Doctors cannot determine with certainty the cause of any particular case of gastric cancer, Mayo Clinic says. Known risk factors for stomach cancer include dietary factors such as excessive consumption of smoked or pickled foods, consumption of foods contaminated with aflatoxin fungus, and insufficient intake of fruits and vegetables. Other risk factors include Helicobacter pylori infection, pernicious anemia, smoking, a family history of stomach cancer and chronic stomach inflammation.
Doctors generally suspect gastric cancer on the basis of its symptoms, which can include feeling full after small meals, severe indigestion, stomach pain, unexplained weight loss and fatigue, Mayo Clinic says. Other symptoms include persistent vomiting and severe heartburn. Doctors use exploratory tests to find the cause of these symptoms, including imaging tests such as a CT scan or barium swallow. Doctors often also perform an endoscopy, where a thin tube containing a small camera is inserted through the esophagus to observe the interior of the stomach. The endoscope has tools attached that allow the doctor to take tissue samples of suspicious areas for testing.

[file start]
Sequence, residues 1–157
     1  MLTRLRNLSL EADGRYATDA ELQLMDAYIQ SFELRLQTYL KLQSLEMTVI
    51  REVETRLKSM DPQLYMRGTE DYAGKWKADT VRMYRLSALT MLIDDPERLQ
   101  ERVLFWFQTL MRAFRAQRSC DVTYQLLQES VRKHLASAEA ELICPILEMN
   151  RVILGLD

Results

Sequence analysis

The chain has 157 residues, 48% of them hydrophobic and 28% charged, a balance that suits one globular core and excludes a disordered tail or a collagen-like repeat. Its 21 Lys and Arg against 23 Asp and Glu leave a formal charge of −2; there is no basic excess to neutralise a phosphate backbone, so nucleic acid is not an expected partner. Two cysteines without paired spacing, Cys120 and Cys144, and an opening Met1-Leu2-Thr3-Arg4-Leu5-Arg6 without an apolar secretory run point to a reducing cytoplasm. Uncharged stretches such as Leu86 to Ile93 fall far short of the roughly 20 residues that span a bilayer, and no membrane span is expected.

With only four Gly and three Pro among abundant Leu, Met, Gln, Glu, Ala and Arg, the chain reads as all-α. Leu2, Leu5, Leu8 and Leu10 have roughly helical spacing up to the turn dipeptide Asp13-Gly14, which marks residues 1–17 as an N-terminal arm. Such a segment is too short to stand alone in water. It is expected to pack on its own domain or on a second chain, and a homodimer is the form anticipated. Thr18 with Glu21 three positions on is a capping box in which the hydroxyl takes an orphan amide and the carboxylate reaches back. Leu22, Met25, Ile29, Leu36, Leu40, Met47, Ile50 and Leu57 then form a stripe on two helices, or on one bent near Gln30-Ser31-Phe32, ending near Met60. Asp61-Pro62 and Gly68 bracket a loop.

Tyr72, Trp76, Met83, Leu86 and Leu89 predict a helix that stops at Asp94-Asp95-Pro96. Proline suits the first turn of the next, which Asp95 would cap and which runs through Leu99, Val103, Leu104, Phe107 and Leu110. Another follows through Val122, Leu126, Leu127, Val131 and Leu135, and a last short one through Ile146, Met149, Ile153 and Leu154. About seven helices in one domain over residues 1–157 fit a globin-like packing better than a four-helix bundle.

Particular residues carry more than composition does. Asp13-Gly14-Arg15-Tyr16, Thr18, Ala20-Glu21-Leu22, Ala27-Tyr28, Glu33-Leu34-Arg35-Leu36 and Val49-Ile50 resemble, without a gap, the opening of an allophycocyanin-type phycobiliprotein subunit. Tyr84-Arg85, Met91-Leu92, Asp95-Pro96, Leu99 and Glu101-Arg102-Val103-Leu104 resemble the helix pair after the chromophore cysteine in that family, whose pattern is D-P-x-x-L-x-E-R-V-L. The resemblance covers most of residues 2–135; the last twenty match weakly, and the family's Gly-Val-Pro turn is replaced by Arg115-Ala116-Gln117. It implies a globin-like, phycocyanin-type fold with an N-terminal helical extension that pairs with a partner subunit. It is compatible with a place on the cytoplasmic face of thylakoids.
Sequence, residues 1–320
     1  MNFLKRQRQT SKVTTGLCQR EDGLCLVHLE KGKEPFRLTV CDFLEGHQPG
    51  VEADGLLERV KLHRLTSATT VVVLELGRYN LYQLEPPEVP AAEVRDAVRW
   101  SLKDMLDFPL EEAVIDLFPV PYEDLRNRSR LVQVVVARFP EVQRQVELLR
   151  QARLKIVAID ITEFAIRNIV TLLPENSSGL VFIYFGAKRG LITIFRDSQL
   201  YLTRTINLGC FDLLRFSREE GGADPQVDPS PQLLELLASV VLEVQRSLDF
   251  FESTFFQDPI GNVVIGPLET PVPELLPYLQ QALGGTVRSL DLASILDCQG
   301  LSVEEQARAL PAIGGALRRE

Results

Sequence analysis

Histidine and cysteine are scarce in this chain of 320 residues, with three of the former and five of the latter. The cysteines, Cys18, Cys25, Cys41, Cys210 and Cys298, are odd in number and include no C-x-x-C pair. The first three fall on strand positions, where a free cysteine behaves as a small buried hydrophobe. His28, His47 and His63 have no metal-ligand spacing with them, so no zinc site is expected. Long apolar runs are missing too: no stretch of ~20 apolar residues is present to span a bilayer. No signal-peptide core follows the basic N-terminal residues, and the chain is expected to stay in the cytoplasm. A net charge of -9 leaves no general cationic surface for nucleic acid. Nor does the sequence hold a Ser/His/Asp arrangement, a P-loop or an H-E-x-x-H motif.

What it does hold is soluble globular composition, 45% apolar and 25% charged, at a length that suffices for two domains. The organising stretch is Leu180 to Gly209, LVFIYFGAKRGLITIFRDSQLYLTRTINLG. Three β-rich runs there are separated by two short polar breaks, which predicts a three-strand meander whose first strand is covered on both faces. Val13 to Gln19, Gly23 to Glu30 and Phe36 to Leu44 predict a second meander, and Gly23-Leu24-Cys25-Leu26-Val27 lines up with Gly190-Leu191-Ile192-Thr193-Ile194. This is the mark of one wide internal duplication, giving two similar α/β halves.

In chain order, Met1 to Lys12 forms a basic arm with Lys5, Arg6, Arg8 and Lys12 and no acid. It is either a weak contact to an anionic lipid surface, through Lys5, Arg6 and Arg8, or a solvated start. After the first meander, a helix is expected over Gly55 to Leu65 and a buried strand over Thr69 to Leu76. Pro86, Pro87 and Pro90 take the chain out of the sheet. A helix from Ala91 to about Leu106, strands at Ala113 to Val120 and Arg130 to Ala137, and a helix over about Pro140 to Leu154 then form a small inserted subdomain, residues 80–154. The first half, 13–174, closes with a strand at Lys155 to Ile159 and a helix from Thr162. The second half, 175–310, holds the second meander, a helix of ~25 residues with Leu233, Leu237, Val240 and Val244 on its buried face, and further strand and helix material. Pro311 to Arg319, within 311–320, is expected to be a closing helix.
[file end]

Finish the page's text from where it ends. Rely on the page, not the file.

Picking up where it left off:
If doctors find cancer, treatment depends in part on how advanced the cancer is, Mayo Clinic explains. To determine the extent of gastric cancer, doctors often use imaging tests, such as positron emission tomography, and may also use exploratory surgery to see if the cancer extends into the rest of the abdomen.